It is essential to develop a strategy and plan ahead. Work with your dietitian to develop easy and tasty meal plans. Ask for a low FODMAP shopping guide. Maintaining a low FODMAP pantry is key to sustaining a Low FODMAP Diet. When reducing FODMAPs in the diet it is still important to balance good nutrition with symptom control and eat from the five food groups:


What Do I Eat on a Low FODMAP Diet?

The following lists provide a good starting place for foods that follow a low FODMAP diet. Each of the foods listed contain low amounts of FODMAPs and provide good nutrition while following a low FODMAP diet. A great source of ready made and flavorful low FODMAP sauces, oils and snacks is FODY Foods.

Vegetables and Legumes

  • Alfalfa
  • Bamboo shoots
  • Bean sprouts
  • Beetroot, canned and pickled
  • Bok choy / pak choi
  • Broccoli, whole – 1 cup
    • heads only – 1 cup
    • stalks only – 1/2 cup
  • Brussel sprouts – 1 serving of 2 sprouts
  • Butternut squash – 1/4 cup
  • Cabbage, common and red up to 1 cup
  • Callaloo
  • Carrots
  • Celeriac
  • Celery – less than 5cm of stalk
  • Chicory leaves
  • Chick peas – 1/4 cup
  • Chilli – if tolerable
  • Chives
  • Cho cho – 1/2 cup diced
  • Choy sum
  • Collard greens
  • Corn / sweet corn – if tolerable and only in small amounts – 1/2 cob
  • Courgette
  • Cucumber
  • Eggplant / aubergine
  • Fennel
  • Green beans
  • Green pepper / green bell pepper / green capsicum
  • Ginger
  • Kale
  • Karela
  • Leek leaves
  • Lentils – in small amounts
  • Lettuce:
    • Butter lettuce
    • Iceberg lettuce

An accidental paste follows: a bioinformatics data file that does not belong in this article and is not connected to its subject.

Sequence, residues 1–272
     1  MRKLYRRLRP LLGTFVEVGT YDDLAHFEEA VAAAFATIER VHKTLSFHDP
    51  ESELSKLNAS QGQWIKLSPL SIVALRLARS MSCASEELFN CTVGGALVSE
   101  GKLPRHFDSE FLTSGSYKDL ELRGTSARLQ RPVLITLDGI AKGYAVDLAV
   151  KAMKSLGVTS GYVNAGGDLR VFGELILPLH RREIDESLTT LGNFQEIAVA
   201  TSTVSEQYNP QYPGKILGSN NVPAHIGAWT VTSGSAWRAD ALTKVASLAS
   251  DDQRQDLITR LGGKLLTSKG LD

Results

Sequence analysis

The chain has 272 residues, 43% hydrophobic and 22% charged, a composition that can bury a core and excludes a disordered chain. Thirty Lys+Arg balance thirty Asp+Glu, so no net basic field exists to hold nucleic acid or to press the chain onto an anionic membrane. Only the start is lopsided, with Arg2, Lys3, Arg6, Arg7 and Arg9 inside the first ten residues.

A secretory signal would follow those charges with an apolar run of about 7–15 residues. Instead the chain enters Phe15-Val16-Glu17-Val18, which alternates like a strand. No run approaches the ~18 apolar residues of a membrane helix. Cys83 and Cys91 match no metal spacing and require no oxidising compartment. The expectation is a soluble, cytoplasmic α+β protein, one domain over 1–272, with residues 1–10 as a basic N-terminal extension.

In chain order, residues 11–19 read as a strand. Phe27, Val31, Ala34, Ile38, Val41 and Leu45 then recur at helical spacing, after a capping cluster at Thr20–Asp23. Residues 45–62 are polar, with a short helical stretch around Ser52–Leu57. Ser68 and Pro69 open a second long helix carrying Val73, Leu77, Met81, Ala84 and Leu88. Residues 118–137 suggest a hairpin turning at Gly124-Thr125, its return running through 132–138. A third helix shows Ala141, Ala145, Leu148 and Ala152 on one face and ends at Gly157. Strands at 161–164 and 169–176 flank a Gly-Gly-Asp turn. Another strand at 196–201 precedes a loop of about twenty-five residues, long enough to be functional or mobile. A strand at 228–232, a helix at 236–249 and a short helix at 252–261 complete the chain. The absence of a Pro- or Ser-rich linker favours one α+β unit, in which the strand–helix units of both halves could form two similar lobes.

• Radicchio lettuce
    • Red coral lettuce
    • Rocket lettuce
  • Marrow
  • Okra
  • Olives
  • Parsnip
  • Peas, snow – 5 pods
  • Pickled gherkins
  • Pickled onions, large
  • Potato
  • Pumpkin
  • Pumpkin, canned – 1/4 cup, 2.2 oz
  • Radish
  • Red peppers / red bell pepper / red capsicum
  • Scallions / spring onions (green part)
  • Seaweed / nori
  • Silverbeet / chard
  • Spaghetti squash
  • Spinach, baby
  • Squash
  • Sun-dried tomatoes – 4 pieces
  • Swede
  • Swiss chard
  • Sweet potato – 1/2 cup
  • Tomato – canned, cherry, common, roma
  • Turnip
  • Water chestnuts
  • Yam
  • Zucchini



  • Ackee
  • Bananas, unripe
  • Bilberries
  • Blueberries
  • Breadfruit
  • Carambola
  • Cantaloupe
  • Cranberry – 1 tbsp
  • Clementine
  • Dragon fruit
  • Lingonberries
  • Grapes
  • Guava, ripe
  • Honeydew and Galia melons
  • Kiwifruit
  • Lemon including lemon juice
  • Lime including lime juice
  • Mandarin
  • Orange
  • Passion fruit
  • Paw paw
  • Papaya
  • Pineapple
  • Plantain, peeled
  • Raspberry
  • Rhubarb
  • Strawberry
  • Tamarind
  • Tangelo


Meats, Poultry and Meat Substitutes

  • Beef
  • Chicken
  • Kangaroo
  • Lamb
  • Pork
  • Prosciutto
  • Quorn, mince
  • Turkey
  • Cold cuts / deli meat / cold meats such as ham and turkey breast